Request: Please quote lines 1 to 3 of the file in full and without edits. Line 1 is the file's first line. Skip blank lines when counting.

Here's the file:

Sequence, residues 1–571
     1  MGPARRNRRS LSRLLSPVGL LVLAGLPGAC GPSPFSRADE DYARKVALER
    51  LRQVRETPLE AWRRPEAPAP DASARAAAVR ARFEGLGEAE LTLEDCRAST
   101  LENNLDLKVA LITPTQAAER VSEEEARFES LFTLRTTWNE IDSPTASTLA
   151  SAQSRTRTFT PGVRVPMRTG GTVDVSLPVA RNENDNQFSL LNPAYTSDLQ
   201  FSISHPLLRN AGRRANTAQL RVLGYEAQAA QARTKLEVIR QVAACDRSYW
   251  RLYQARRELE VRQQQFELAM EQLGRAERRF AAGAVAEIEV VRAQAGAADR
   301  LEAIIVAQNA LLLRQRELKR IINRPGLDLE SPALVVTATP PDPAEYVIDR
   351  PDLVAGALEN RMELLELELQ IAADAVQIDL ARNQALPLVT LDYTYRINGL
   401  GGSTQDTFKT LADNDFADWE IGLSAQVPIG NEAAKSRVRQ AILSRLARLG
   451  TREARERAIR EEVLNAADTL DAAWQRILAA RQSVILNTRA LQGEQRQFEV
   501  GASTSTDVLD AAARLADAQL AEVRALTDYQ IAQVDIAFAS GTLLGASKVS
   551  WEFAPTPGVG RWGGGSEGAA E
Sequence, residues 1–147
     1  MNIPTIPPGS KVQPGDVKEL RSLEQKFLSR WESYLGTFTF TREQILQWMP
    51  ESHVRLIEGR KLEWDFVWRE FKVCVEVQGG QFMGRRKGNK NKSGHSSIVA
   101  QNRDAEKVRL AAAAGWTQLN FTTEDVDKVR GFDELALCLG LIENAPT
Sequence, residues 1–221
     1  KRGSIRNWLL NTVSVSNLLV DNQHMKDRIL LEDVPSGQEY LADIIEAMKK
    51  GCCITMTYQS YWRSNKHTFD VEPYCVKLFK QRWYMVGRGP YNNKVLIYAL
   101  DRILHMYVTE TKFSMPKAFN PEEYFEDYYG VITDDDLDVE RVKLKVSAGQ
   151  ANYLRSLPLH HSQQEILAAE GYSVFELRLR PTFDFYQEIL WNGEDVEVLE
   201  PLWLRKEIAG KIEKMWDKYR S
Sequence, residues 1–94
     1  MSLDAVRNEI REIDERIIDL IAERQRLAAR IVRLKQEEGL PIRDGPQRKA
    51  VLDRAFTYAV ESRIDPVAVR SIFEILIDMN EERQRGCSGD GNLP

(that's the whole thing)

Sequence, residues 1–571
     1  MGPARRNRRS LSRLLSPVGL LVLAGLPGAC GPSPFSRADE DYARKVALER
    51  LRQVRETPLE AWRRPEAPAP DASARAAAVR ARFEGLGEAE LTLEDCRAST